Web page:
1920 to gain more success and improvement. This film is a
silent horror film. This film features several murders and
creatures that come alive that aren't existing in real life. This
film was the first horror film that was labeled ‘the first monster
Horror began to use sound in the 1930’s. In the 1920’s horror was of
silently floating ghosts that caused terror. However when sound was
added this allowed film companies to use mortal monsters that
grunted, growled and howled. As well as music to build suspense or
sound effects that echoed or footsteps creaking down a corridor.
Horror was thought of as an escape for audiences as it removed the
stress of the ‘Great Depression’ and made them focus on the fright
that raised there adrenaline.
Directors such as ‘Todd browning’ found it challenging to produce
scenes that included talking pictures as it was very different to silent
Examples of horror films made were ‘Dracula’ directed by Todd
In the 1940’s because the world war was in action horror
movies were using the roots of what was happening in the
world and using this to produce films.
Films that were being made were The wolf man, Were wolf
of London and Cat people.
Films like these were being produced because of Hitler’s
name Adolf meant ‘noble wolf’ therefore as Hitler was
someone majorly highlighted in this time. The films were
plotting story lines around this history.
The change between 1940- 1950 was immense because of
the ww2 ending which left over 40 million people dead. This
affected the story lines of the horror films.
Films made in the 1950’s were:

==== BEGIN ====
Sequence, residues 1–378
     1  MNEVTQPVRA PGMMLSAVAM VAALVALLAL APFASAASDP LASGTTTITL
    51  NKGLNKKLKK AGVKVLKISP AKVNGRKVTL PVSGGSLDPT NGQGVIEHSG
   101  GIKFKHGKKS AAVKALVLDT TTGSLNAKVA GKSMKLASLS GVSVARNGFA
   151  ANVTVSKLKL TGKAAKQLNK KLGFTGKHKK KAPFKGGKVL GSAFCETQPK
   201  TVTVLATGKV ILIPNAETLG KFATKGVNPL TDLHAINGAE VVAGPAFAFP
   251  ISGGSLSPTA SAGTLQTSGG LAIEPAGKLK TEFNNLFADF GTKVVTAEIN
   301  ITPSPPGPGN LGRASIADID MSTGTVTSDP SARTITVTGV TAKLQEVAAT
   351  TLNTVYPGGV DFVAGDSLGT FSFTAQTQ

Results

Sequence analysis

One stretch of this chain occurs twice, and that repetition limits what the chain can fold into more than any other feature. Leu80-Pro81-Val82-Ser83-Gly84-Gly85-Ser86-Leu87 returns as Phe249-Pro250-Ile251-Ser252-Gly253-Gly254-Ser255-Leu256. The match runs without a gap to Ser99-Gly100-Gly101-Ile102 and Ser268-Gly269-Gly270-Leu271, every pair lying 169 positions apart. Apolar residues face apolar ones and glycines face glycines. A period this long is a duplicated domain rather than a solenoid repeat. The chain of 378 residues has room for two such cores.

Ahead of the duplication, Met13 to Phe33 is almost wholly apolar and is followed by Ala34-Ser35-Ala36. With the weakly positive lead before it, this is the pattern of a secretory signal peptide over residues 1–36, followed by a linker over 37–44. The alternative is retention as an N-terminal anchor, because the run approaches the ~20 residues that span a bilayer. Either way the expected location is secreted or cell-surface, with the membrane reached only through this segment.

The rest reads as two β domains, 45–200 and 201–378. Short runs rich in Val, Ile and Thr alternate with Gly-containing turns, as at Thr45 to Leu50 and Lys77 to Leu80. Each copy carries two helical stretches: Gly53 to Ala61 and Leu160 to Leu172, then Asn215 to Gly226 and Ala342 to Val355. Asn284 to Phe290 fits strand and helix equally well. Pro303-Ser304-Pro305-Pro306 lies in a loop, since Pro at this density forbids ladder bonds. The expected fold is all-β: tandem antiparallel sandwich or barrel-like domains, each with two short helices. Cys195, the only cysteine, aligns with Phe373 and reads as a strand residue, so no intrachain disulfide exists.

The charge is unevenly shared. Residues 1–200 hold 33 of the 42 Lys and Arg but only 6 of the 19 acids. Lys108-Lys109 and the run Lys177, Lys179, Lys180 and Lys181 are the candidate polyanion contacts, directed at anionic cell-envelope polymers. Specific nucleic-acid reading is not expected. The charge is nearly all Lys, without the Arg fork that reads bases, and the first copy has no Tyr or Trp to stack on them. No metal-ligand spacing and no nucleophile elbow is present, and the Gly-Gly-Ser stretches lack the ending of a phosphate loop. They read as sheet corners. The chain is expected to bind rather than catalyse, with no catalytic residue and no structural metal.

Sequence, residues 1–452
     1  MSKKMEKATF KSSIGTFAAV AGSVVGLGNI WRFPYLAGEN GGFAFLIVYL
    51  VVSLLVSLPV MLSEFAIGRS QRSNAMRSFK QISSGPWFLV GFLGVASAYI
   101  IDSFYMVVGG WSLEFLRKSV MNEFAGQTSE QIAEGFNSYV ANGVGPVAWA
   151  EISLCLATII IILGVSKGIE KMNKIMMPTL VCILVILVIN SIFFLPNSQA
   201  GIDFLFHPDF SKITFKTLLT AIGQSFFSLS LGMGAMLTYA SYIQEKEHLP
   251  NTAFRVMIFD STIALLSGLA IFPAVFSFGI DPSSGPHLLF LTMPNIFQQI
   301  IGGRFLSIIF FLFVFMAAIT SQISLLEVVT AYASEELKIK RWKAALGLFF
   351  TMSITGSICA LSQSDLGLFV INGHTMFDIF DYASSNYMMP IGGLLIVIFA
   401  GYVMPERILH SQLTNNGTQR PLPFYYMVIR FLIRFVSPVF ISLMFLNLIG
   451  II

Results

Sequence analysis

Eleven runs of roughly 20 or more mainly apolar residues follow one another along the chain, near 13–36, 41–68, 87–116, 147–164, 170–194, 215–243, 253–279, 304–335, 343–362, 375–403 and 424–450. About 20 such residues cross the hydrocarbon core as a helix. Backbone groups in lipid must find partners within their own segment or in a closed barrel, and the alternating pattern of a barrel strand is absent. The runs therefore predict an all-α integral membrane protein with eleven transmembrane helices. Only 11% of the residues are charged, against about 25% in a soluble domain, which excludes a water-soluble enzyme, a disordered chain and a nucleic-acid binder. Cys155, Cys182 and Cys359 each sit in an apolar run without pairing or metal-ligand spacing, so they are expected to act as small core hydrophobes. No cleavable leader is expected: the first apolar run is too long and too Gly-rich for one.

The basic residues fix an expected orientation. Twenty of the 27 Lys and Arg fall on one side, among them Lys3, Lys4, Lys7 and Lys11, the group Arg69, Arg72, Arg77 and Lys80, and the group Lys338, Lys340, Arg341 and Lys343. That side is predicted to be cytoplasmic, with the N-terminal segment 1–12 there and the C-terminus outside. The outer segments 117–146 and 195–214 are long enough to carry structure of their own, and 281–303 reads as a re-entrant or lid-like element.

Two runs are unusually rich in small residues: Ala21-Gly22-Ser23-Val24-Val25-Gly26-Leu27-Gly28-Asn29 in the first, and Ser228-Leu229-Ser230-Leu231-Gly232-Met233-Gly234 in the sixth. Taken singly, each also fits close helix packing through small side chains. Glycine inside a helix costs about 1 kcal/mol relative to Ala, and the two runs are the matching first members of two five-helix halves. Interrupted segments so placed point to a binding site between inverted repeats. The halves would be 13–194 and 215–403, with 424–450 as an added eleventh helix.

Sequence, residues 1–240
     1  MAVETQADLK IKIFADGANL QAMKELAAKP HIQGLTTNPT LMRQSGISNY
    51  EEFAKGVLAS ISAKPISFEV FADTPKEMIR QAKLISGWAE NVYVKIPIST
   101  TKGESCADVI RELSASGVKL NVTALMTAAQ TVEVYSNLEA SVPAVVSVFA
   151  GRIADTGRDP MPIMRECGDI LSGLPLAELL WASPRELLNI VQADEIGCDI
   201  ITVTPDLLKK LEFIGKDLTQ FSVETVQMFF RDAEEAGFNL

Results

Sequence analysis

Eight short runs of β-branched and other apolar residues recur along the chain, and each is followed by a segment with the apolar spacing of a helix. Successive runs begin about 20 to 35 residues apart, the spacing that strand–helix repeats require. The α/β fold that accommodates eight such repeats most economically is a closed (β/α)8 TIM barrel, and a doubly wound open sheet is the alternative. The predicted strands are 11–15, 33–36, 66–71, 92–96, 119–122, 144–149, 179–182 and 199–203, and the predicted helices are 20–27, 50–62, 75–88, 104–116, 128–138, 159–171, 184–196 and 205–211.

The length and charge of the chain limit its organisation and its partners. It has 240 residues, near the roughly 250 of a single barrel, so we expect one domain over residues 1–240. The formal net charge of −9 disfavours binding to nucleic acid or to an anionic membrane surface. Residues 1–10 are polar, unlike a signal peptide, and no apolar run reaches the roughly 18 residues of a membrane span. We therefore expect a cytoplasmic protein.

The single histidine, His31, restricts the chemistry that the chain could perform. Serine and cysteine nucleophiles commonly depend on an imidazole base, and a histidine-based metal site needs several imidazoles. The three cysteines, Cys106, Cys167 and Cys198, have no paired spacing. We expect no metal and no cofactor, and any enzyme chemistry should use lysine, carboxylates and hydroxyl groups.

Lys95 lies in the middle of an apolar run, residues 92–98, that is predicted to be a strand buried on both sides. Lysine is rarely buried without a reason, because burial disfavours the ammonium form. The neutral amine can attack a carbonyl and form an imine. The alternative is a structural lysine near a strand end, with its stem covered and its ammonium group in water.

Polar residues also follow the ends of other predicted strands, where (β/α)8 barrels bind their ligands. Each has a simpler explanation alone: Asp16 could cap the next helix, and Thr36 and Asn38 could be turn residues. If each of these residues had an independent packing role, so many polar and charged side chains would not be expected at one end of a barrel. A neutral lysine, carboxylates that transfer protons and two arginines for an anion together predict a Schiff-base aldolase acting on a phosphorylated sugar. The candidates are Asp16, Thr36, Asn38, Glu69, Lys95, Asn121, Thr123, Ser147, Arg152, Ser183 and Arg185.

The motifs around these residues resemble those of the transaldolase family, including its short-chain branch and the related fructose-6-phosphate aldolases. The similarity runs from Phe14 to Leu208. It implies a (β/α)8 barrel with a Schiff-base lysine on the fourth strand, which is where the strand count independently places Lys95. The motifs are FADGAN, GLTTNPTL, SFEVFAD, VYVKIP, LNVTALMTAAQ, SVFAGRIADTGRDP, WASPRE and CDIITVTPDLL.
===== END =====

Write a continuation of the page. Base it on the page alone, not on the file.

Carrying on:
The wasp Women
Houses on haunted hills
The beat generation, Kennedy, Cuba, Vietnam and the
sexual revolution. These events changed what the public
thought of as horrible. The films were releasing on screen
nudity and violence increasing.
Films made in the 1960’s were
Night of the living dead (1967)
Horror movies of the 1970’s reflected the grim mood of the
decade. Society was hitting a disappointment through the
the Beatles split, Janis and Jimi died, and in many senses it
was downhill all the way from there: Nixon, Nam, oil
strikes, glam rock, feather haircuts, medallions. How ever
when society turns bad the horror industry becomes great.
Films that were made in the 1970’s were
The Exorcists (1973)
Alice sweet Alice (1976)
Horror films in the 1980’s was when the special effects
caught up with the gory images and production of the films
became real to the viewers.
The shining (1980)
The thing (1982)
A night mare on elm street
By the end of the 1980s horror had become so reliant on
gore and buckets of liquid latex that it seemed to have lost
its power to do anything more than shock and then amuse.
Horror movies in the late 1990s predicted things for the turn
of the century. Whilst January 1st, 2000 came and went
without much mishap, many commentators have identified
the true beginning of the 21st century as September
11th, 2001. The events of that day changed global
perceptions of what is frightening, and set the cultural
agenda for the following years. The film industry, already
facing a recession, felt very hard hit as film-makers struggled
to come to terms with what was now acceptable to the
28 days later (2002)